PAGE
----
Reconciliation SA caught up with Kokatha man and military veteran Gordon Franklin.
Born along the Nullarbor plains, SA, Mr. Franklin and his family eventually moved to the Eyre Peninsula of SA. His family had links to the area, and it was close to the land of the Kokatha people. After some moving around the peninsula, at 14 years of age Mr. Franklin’s father settled in Port Lincoln.
Of that time, Mr. Franklin says “My ambition was to become an electronics engineer, but without being allowed to finish high school, I needed to get an apprenticeship. Because this opportunity was not available to me, I worked as a clerk at the Barley Board.”
Speaking of his youth, Mr. Franklin says “For some reason, we were not forced into the reserves as many of our family and friends were. The government banned us from mixing with those friends and relatives that they had put on the reserves. One of my father’s best friend, Uncle Dick, told us many years later that we were the poorer for not having our culture taught to us. Uncle was quite correct in that assumption, sad but true.” Mr. Franklin admits that as a child, his life was culturally barren, however, before his grandfather taught him aspects of his culture.
Recalling a story from his childhood, Mr Franklin says “My father highlighted the difference between our two cultures on a trip to see an Elder, Uncle Mooney Davies at Andamooka near Woomera Rocket Range. [along the way] We met a stranded English migrant. My father stopped to help and gave him half of everything we possessed at the time, food, money and unfortunately petrol. Our old car was gravity-fed, no petrol pump, causing us to have back up the hills until we got to Andamooka.”
Reflecting on his Army days, Mr Franklin says “I joined the Australian Army at Keswick Barracks in May 1964 at age 19 for a six-year term. I left South Australia for the first time to attend recruit training at Kapooka Barracks near Wagga Wagga in New South Wales. I trained as an Electronics Technician at Balcombe near Mornington and East Hills in Sydney”. He continues with “In December 1966, I was posted to 103 Signal Squadron Nui Dat in South Vietnam.”
Recalling the tragedies that the Vietnam war reaped on him, Mr. Franklin says, “I had an extraordinary friend I met at recruit training at Kapooka, Signalman Ian “Lofty” Logan. We were both country boys, Lofty from Mildura and me from Port Lincoln. We celebrated my birthday together at Nui Dat. Lofty was on patrol with an American unit when he died from explosive wounds.” The following month, he continued, “103 Signal Squadron returned to Australia and was replaced by 104 in June 1967. I did have a great mate, Corporal Dennis Connelly, another country boy from Mudgee in NSW in that unit. We met at corps training two years earlier. Dennis helped me with my grief at the loss of Lofty. In August, he was tragically killed and died in my arms. I returned home in time for Christmas.”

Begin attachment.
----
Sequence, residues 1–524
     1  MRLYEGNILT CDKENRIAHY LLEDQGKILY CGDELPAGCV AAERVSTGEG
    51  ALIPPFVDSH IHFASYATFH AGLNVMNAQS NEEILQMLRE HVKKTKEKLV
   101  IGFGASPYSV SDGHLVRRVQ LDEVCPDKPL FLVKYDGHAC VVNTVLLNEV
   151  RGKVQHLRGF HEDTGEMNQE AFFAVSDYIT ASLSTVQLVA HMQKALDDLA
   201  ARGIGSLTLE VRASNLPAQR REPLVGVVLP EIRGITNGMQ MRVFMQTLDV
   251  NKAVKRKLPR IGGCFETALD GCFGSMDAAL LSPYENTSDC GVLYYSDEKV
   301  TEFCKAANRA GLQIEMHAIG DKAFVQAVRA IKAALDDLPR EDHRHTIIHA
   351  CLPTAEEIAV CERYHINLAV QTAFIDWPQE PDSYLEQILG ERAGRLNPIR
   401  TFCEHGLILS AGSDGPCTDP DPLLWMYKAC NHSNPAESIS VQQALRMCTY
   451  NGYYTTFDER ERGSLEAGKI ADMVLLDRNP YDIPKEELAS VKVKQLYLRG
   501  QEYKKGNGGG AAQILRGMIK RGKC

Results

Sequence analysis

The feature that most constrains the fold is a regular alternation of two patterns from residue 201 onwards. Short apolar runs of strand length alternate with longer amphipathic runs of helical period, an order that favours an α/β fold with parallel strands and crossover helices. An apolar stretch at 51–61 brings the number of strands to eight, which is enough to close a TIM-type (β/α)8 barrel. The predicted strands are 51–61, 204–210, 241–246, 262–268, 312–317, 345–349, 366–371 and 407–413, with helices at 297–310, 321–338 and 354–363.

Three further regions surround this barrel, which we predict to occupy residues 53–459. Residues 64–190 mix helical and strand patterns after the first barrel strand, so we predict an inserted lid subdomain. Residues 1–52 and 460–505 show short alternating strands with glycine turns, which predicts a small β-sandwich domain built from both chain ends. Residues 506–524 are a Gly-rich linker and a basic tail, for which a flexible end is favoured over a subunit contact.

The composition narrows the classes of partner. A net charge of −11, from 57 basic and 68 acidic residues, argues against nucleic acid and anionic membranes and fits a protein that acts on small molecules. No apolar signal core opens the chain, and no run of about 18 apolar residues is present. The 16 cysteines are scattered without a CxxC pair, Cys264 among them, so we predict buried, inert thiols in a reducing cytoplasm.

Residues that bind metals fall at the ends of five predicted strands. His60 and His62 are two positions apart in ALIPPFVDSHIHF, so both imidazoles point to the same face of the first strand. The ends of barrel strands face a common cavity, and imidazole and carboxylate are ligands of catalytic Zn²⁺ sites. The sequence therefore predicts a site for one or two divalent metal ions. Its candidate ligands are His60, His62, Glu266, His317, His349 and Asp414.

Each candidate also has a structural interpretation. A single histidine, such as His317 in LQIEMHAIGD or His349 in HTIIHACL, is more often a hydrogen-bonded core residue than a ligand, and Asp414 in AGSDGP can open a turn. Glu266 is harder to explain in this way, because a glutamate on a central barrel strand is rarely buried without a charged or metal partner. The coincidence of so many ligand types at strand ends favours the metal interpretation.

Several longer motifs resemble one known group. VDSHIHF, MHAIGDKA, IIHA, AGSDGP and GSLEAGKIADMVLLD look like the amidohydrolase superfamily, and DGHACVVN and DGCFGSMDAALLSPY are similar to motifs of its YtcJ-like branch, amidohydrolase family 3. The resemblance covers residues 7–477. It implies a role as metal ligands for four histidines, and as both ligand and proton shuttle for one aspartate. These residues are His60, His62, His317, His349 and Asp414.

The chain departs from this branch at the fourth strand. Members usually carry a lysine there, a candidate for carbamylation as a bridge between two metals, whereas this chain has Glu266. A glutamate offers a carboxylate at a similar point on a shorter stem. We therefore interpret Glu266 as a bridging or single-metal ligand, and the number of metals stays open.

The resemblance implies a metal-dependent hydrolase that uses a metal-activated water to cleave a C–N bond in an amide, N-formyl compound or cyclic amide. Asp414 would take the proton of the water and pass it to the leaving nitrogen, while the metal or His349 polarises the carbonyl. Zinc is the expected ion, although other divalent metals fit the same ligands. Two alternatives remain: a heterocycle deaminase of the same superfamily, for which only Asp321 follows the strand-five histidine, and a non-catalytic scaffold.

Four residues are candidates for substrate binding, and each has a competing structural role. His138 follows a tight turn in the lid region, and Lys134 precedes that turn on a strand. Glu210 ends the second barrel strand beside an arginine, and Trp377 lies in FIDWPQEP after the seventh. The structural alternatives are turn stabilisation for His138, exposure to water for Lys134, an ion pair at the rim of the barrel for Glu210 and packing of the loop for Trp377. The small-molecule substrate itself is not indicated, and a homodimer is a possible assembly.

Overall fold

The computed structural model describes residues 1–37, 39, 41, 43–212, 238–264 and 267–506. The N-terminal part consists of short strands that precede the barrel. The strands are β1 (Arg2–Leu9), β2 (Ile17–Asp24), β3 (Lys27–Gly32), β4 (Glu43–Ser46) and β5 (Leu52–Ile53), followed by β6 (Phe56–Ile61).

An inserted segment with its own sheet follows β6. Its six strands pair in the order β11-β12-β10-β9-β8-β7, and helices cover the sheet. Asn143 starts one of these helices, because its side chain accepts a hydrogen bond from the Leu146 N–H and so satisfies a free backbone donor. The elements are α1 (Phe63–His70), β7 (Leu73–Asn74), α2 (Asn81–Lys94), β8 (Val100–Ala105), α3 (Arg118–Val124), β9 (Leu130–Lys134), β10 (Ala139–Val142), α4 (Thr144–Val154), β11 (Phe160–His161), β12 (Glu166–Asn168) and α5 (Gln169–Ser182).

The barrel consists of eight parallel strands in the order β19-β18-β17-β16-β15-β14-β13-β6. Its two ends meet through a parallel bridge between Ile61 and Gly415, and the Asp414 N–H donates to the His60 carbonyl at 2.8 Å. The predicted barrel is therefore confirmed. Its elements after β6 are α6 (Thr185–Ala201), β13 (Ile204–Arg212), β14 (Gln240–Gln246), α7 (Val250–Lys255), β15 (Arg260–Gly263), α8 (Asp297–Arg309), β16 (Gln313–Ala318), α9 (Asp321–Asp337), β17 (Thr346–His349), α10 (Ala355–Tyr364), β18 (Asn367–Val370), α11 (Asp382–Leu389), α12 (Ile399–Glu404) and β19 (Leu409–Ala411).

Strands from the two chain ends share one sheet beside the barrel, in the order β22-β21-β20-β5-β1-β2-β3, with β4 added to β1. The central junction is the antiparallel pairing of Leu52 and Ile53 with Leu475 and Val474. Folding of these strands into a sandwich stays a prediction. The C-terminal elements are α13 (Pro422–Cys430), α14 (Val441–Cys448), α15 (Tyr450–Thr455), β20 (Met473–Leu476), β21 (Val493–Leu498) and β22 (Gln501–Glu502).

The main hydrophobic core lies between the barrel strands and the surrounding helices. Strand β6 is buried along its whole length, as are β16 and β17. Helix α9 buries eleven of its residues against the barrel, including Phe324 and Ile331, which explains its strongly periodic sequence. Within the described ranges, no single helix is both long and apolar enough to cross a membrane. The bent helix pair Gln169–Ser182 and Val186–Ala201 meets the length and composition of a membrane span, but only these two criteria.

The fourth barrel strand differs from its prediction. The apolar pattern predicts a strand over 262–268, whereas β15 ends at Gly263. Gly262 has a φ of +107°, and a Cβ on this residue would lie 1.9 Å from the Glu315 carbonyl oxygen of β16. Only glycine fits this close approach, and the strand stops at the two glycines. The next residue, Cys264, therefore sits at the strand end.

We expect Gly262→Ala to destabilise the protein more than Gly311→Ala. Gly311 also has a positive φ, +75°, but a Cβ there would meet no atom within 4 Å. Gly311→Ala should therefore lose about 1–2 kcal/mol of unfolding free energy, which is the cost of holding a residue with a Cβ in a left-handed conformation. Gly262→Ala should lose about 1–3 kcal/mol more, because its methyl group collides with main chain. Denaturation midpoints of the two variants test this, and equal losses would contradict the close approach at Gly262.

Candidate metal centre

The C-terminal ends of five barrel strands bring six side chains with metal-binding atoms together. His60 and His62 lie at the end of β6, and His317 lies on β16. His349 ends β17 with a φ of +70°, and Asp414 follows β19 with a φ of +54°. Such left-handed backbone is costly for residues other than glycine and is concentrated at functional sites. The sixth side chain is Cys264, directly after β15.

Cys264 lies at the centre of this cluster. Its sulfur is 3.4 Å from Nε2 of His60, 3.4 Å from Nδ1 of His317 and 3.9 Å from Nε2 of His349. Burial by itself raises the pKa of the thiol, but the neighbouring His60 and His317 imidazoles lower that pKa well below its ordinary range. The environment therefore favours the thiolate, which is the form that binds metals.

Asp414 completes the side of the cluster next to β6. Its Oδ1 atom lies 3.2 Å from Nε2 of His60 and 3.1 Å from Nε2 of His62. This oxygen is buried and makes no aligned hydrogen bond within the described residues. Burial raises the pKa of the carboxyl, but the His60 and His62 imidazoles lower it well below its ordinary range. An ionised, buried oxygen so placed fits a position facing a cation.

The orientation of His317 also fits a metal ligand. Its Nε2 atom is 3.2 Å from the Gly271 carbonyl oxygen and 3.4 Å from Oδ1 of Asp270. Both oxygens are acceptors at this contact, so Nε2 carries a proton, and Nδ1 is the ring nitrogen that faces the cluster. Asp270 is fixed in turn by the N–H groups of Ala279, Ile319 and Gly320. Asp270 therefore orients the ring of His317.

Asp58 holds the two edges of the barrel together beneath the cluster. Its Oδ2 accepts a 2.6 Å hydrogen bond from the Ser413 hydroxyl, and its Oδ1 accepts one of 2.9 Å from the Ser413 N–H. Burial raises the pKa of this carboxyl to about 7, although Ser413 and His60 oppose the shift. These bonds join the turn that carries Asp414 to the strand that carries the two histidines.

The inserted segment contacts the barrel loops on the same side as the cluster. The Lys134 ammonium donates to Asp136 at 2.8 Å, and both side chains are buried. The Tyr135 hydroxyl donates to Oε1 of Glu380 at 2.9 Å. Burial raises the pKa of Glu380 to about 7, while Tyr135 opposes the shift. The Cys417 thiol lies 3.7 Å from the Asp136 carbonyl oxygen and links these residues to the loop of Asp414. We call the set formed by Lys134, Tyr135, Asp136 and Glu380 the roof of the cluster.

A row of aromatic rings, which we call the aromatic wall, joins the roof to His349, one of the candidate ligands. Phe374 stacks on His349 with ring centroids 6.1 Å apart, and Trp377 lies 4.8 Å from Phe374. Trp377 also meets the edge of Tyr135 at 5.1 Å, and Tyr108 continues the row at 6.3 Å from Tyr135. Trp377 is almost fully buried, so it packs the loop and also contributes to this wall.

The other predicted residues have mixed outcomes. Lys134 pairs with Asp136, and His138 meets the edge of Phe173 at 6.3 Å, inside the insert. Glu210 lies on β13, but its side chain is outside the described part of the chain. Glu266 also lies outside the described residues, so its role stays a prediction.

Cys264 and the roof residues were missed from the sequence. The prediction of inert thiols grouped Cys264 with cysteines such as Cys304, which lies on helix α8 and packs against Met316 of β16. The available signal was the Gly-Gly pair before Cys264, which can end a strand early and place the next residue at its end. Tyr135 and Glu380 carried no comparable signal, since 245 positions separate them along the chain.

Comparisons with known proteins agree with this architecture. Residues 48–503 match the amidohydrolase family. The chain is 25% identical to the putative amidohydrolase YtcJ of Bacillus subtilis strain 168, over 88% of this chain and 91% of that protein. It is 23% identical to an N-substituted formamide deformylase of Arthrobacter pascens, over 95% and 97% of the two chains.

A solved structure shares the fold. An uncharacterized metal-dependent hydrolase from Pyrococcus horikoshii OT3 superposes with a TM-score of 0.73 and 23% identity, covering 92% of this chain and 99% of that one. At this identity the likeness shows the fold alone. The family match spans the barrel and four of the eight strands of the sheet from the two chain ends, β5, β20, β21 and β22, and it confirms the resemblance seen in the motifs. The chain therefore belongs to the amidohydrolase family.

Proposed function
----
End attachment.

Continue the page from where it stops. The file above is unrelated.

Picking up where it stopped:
Before retiring in 1970 at Keswick, Mr. Franklin recalls his final posting “it was at 110 Signal Squadron at Vung Tau. It was like a holiday camp on the “sandhill”. My best friend Paul and I climbed up a huge cliff to take some great photos of the South China Sea. Unknown to us, it was a Rest and Recreation camp for North Vietnamese. After a real fright, when they ran towards their weapons, we sat down and happily showed each other photos of our families while drinking a mug of black tea. I returned home to Keswick in May 1970 and retired.”
Mr. Franklin faced many challenges after he completed his service, “my mates who died in Vietnam left me grief-stricken. I struggled with the many anti-war marches and demonstrations.” He disclosed. Continuing, Mr. Franklins says “My memory was a mess because I still could not remember the last three months of my first tour. In 2008 I was diagnosed with post-traumatic stress syndrome.”
Work was also scarce, with non-available in Port Lincoln or Adelaide, Mr Franklin found employment in Melbourne as a test technician at Eriksson in the telephone exchange industry. After nearly 20 years working as a technician, he began to drive Taxis, which he did until 2008.
Mr. Franklin then took the War Service Pension, early, to study a Law/Arts degree at Latrobe University which he completed in 2014. He is now doing a Master of Laws degree at La Trobe, and as a casual lecturer, tutors Aboriginal and Torres Strait students at both Deakin and Victoria Universities.
For Mr. Franklin’s full interview, click here.